My favourite dish was their kai yaang khamin, grilled chicken with turmeric:
This tasted excellent, but the texture was a bit unusual. I have a feeling they deep-fried it, then grilled it, or vice-versa. Oddly enough, “grilled chicken” is sometimes deep-fried in Thailand.
And there was, of course, sticky rice:
Cute container, no?
Tam Som Thai Fire Power
Kaset-Navamin Highway (very close to the Ram Inthra Expressway)
Nang Loeng Market is located just off of Thanon Nakhorn Sawan in Rattanakosin, old Bangkok. It first opened in 1899, and was in use until several years ago when it was destroyed by a fire. After a few years of construction, the market was recently rebuilt, and probably looks better than ever, but doesn’t really seem to have recovered. On the day I visited only about a quarter of the stalls were in use and I wouldn’t describe the atmosphere as particularly vibrant. Maybe I came on a bad day? Despite this, there’s still some interesting stuff to see (and eat), in particular the old-school snacks and treats that this market is known for.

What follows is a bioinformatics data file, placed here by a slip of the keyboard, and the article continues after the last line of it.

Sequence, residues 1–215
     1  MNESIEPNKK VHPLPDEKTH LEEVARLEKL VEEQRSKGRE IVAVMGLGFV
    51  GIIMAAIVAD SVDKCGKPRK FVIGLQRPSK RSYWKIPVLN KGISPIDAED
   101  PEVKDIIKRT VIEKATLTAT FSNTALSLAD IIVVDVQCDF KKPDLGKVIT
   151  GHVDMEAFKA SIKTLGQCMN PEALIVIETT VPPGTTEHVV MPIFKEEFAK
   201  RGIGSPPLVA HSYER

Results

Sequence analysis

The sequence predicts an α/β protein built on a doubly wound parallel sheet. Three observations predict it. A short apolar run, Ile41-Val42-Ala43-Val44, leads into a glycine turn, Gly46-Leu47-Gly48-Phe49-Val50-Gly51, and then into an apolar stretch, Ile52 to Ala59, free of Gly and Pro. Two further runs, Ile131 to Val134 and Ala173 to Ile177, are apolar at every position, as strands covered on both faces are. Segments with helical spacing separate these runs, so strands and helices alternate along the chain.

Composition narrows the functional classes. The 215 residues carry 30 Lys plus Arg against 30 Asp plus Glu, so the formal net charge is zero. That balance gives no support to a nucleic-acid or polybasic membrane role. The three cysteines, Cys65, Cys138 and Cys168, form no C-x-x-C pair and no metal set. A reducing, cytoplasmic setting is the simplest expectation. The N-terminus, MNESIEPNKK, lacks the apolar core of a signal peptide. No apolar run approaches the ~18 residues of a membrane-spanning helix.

My day began with Thai-style coffee and paa thong ko, Chinese-style doughnuts:
Like other areas in Old Bangkok, Nang Loeng is where you’ll find lots of old dudes drinking coffee and chilling:
I wandered around the market, passing by grilled sticky rice:
a lady making rice porridge:
a kind of freshly-steamed rice noodle called khanom paak mor:
before happening upon a small alley:
This whole alley is part of a famous noodle shop called Rung Reuang. I ordered a bowl of kiaow naam, wonton soup:
My noodles were made by a shirtless guy of Chinese origin who, according to the literature on the walls, still makes his own noodles. The kiaow were pretty good, mostly because they contained an astonishing amount of crab meat, an ingredient lesser noodle stalls skimp on.
Nang Loeng Market is particularly known for its sweets, such as these sticky rice snacks:
a bunch of khanom:
and my new favourite, khanom bueang: